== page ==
I remember the first time when, several decades ago, I was able to steal up on a pileated woodpecker. The bird, a female, was hammering so furiously and intently at the base of a dead spruce tree that I was able to creep up to within range of the flying chips.
From this intimate vantage point, I marveled at both her regal beauty and at the speed and efficiency with which she power-chiseled the wood.
Just before she flew off, she turned her piercing yellows eyes towards me and — for a few suspended moments — we held each other’s gaze.
That transformative encounter sparked my life-long interest in woodpeckers, which are among the most remarkable of all birds.
Pileated woodpeckers are the largest of our 10 Alberta woodpecker species. Although they are fairly common throughout the wooded areas of central Alberta, a sighting of one of these prehistoric-looking birds is always a treat. Their large size and loud calls are as impressive as their characteristic undulating flight pattern.
The life of a pileated woodpecker revolves around pecking. Waking hours are consumed with a relentless search for high-protein insects, which they locate through their keen sense of hearing. Juicy carpenter ants, which the birds extricate from cathedral-like catacombs in spruce snags, are a main food source. The birds will also eat other bark insects, fruits and berries, and are sometimes attracted to backyard suet feeders. They also peck to communicate with their mates and to advertise territories. In the spring, they spend days excavating enormous nesting cavities, usually in very large poplar trees.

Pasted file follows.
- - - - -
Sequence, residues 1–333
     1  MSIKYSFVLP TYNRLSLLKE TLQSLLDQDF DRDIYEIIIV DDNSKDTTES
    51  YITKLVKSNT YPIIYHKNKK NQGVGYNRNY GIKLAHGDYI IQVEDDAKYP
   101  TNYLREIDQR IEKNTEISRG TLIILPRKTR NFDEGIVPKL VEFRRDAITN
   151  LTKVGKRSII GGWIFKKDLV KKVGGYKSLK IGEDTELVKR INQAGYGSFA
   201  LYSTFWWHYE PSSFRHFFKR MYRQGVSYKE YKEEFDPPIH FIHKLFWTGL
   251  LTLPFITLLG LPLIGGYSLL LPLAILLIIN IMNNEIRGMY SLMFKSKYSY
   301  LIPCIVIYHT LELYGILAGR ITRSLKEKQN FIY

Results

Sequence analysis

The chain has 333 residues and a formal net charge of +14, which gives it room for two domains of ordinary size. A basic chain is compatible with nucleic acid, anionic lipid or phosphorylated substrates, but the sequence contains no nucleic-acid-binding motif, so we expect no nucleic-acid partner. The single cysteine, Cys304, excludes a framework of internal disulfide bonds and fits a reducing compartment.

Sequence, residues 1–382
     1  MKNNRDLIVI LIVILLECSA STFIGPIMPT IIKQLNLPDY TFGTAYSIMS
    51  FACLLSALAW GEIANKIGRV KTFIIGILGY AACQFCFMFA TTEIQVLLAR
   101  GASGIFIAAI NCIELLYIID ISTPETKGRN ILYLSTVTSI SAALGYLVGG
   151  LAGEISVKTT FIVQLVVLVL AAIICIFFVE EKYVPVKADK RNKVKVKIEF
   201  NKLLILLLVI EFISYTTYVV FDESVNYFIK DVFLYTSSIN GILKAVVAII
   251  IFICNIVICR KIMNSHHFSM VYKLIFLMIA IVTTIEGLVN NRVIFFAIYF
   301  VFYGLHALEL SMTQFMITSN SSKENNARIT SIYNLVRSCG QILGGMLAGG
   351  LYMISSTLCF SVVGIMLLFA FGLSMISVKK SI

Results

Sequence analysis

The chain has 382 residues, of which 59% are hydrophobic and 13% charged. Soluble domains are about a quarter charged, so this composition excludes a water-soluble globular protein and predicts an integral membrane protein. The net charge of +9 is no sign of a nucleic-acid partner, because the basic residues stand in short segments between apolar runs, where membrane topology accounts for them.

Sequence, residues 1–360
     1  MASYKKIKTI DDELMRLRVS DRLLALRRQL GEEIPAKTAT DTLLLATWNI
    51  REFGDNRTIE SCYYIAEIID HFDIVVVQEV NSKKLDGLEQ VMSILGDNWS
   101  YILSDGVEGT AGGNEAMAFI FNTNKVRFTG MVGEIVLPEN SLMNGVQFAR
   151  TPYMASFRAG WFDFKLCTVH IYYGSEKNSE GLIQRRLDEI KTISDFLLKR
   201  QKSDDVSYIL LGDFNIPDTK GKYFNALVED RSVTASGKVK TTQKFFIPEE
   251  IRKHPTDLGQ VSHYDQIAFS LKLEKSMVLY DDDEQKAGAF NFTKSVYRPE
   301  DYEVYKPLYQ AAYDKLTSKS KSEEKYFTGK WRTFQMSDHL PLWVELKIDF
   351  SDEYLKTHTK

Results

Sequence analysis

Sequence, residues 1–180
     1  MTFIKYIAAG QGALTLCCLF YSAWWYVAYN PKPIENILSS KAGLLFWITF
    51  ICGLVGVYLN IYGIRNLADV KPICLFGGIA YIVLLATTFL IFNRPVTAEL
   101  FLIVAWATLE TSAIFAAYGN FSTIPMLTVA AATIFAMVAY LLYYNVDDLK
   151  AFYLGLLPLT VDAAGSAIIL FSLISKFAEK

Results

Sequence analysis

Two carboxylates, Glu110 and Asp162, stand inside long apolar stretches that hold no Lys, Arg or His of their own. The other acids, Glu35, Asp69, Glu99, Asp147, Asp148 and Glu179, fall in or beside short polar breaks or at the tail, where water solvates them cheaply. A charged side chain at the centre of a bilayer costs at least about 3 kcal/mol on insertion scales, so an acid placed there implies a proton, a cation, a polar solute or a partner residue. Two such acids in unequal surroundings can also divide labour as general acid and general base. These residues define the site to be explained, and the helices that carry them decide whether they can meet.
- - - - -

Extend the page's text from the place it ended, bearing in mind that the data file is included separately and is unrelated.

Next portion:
Woodpeckers play an important role in the forest ecosystem by consuming massive quantities of insects. Their presence is also crucially important to dozens of other species of tree cavity dwellers that are unable to create their own holes. Local species such as merganser, goldeneye and bufflehead ducks, flying and red squirrels, saw-whet owls and bats all rely on woodpeckers to create their homes for them.
Pileated woodpeckers are especially important for larger cavity-nesting ducks because they are the only primary excavators that leave behind cavities large enough for the ducks to use.
Myrna Pearman is the Site Services Manager and Biologist at Ellis Bird Farm. She can be reached at email@example.com